“The family lives next door to each other,” he explains. “A surgeon and his wife in one house and their son and his family next door. The parents’ home already had a gorgeous outdoor living space with a gazebo, but they wanted to add a kitchen and other elements to create more family space.”

Houck worked with his client to come up with a design that features recently poured concrete countertops that will include an electrically equipped backsplash. “I’m building stainless steel slide-out boxes for the propane, the grill, the side burner, garbage bins,” he says. “There’s the big stone-veneer fireplace and chimney, room for firewood and storage for summer-to-winter things. I’m making doors and mantelpieces with beautiful sycamore from Bee Tree Hardwoods. It’s over the top and a really fun project to work on.”

He also built his own outdoor kitchen, not with all the bells and whistles of his current project, but perfect for his family. “I have the skills to do it, but not the big budget,” he says.

Building an outdoor kitchen can be an accessible project even for the average DIYer on a budget, he says, although complex plans may call for expert help. He notes that besides masonry skills and knowledge, there are safety precautions to consider, like knowing not to build a chimney next to a house with vinyl siding, which will melt from the heat. But the outdoor kitchen-curious can get ideas for their own projects from local rock companies that have model fireplaces and chimneys on-site, and there are plenty of other options as well.

“Depending on your space and your budget, you can build something simple and basic,” he says. “It may not be pro style, but if it gets you outside to cook and be with family and friends, that’s the ultimate goal.”


“Rudimentary” is how Jeffrey Horner, brewer/owner of Brouwerij Cursus Keme, describes the outdoor cooking set-up at his year-old brewery at the terminus of Thompson Street. “We have a Weber grill, a stainless table, a reclaimed workbench, a two-door reach-in refrigerator, a three-compartment sink and a pop-up tent,” he says. “It is basically the under-$500 outdoor kitchen. The intent since we opened last summer was to rely on ourselves to provide the food and not on food trucks.”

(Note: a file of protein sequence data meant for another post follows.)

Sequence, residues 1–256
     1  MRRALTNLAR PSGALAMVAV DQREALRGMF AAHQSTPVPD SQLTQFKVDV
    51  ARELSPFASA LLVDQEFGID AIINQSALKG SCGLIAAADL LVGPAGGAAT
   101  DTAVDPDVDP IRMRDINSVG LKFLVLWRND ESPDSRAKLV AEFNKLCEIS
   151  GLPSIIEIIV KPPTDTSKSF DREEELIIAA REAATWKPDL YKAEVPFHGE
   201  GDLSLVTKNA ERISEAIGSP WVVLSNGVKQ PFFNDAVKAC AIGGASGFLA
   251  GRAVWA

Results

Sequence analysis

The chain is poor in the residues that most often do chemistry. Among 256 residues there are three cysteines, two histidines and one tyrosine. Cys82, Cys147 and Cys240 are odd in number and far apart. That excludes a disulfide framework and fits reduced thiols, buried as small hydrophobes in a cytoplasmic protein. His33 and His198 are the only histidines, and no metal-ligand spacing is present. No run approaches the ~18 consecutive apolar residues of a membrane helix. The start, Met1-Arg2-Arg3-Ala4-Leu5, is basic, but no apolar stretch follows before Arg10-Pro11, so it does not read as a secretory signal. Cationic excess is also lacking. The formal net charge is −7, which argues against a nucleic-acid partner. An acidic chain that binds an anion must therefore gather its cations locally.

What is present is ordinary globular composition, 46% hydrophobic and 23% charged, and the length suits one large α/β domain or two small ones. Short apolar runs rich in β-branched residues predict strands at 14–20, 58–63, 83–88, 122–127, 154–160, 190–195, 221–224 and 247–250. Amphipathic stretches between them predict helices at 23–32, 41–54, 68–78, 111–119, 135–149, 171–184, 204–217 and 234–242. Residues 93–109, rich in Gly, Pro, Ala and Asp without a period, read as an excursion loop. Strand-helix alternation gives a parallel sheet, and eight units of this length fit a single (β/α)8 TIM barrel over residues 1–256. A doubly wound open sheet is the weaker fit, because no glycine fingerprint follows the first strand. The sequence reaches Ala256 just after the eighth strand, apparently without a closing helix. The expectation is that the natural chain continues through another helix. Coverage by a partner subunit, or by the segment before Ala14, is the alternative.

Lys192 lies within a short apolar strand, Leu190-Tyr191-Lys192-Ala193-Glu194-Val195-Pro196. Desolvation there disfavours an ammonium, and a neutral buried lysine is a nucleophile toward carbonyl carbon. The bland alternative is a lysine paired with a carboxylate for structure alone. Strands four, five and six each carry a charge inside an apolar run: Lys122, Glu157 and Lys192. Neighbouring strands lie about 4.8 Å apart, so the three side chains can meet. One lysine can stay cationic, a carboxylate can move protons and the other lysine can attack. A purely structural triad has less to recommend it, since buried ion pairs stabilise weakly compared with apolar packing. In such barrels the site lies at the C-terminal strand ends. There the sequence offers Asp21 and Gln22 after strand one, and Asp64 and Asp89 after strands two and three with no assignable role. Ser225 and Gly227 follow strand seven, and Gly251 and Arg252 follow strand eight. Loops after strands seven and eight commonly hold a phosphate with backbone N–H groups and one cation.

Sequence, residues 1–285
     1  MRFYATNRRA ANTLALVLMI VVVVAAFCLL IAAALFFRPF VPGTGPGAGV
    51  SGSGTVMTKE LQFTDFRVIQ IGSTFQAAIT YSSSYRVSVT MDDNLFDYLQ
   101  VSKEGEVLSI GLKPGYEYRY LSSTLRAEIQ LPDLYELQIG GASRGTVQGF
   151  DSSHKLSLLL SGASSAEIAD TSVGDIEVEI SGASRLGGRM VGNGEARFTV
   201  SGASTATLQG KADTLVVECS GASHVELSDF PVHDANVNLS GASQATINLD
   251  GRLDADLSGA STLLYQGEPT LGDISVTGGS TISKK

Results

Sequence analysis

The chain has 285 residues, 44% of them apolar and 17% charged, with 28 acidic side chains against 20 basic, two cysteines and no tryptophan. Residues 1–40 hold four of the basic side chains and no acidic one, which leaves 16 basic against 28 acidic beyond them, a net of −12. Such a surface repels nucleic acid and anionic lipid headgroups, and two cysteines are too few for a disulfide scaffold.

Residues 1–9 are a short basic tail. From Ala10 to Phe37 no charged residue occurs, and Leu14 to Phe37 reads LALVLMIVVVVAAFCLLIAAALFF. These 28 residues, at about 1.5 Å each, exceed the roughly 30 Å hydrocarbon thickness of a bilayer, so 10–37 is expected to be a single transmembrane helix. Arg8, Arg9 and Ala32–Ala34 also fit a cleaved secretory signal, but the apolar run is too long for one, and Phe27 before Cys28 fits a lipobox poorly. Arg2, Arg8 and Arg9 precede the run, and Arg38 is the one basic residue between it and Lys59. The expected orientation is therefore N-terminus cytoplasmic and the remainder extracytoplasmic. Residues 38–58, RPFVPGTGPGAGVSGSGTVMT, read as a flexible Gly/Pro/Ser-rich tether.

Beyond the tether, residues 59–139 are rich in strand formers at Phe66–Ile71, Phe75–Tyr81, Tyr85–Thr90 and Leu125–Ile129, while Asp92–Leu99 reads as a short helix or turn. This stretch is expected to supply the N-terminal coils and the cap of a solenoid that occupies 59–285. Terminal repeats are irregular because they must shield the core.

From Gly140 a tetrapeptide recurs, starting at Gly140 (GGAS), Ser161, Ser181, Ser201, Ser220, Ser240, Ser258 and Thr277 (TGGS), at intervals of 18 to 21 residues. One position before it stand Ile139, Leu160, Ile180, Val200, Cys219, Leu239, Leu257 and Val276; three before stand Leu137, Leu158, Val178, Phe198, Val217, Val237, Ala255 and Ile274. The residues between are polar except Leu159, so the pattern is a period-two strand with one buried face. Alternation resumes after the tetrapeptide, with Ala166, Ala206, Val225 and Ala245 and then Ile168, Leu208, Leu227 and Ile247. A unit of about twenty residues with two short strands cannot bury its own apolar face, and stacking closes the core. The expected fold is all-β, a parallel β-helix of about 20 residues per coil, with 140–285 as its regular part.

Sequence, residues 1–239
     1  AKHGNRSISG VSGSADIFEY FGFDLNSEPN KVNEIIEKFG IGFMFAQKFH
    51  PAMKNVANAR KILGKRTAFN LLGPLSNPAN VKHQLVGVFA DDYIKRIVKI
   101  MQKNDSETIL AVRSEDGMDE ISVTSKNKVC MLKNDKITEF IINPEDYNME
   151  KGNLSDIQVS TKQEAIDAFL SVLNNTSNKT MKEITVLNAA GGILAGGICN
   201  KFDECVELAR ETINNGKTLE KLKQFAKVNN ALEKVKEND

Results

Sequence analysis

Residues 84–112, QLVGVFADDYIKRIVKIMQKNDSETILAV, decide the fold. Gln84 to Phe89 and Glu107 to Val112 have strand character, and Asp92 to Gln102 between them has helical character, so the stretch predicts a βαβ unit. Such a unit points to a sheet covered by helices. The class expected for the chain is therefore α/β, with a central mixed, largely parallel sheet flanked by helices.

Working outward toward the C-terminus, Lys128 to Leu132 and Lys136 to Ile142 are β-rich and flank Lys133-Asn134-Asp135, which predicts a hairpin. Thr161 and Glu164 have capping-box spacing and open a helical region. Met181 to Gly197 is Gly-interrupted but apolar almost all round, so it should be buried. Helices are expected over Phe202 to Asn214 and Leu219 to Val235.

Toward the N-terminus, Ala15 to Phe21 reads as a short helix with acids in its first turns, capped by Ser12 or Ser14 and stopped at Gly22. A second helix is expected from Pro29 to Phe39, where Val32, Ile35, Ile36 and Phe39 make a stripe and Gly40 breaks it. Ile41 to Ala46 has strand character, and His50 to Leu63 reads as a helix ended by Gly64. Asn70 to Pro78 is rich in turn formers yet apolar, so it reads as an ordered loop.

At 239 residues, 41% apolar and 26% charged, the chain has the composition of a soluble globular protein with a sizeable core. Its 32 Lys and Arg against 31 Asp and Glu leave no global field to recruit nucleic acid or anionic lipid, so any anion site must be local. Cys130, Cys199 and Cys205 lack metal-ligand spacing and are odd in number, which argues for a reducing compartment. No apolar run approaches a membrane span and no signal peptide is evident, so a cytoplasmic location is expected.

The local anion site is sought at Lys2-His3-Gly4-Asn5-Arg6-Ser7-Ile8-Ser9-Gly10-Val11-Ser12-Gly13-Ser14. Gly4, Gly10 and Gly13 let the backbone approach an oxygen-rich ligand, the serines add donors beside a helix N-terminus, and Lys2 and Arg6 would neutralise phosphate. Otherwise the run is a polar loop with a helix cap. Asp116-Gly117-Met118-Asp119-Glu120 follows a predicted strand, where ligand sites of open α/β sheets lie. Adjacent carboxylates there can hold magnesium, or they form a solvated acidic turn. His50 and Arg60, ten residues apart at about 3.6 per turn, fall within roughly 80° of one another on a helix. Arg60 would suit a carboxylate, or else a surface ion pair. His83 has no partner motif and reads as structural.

Recently, a pop-up arrangement he had with two local chefs ended, but a simple menu of Chop House-sourced sausages sizzling over hardwoods remains. Currently open only Friday through Sunday, a larger brewhouse nearing completion will soon increase production to allow Brouwerij to expand beer service to seven days a week — and keep the grill fired up as well.

“I like the spirit of outdoor cooking,” Horner says. “It kind of embodies our approach to how we make beer in a unique and historically oriented method. Cooking over a live fire smells great, is fun to watch, Old World and kind of primal.”

Humans aren’t the only living creatures who appreciate an outdoor kitchen. Beverly-Hanks broker Nancy Witek’s al fresco setup overlooks Pisgah National Forest, and she says she occasionally gets visitors of the four-legged kind. “We sometimes see a squirrel or raccoon on the countertop,” she says with a laugh. “We also see bears, not on the countertops but lurking around. It’s no big deal — when you live in Asheville, you’re going to see bears.” You just don’t have to invite them for dinner.



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About Kay West
Kay West began her writing career in NYC, then was a freelance journalist in Nashville for more than 30 years, including contributing writer for the Nashville Scene, Nashville correspondent for People magazine, author of five books and mother of two happily launched grown-up kids. In 2019 she moved to Asheville and continued writing (minus Red Carpet coverage) with a focus on food, farming and hospitality. She is a die-hard NY Yankees fan.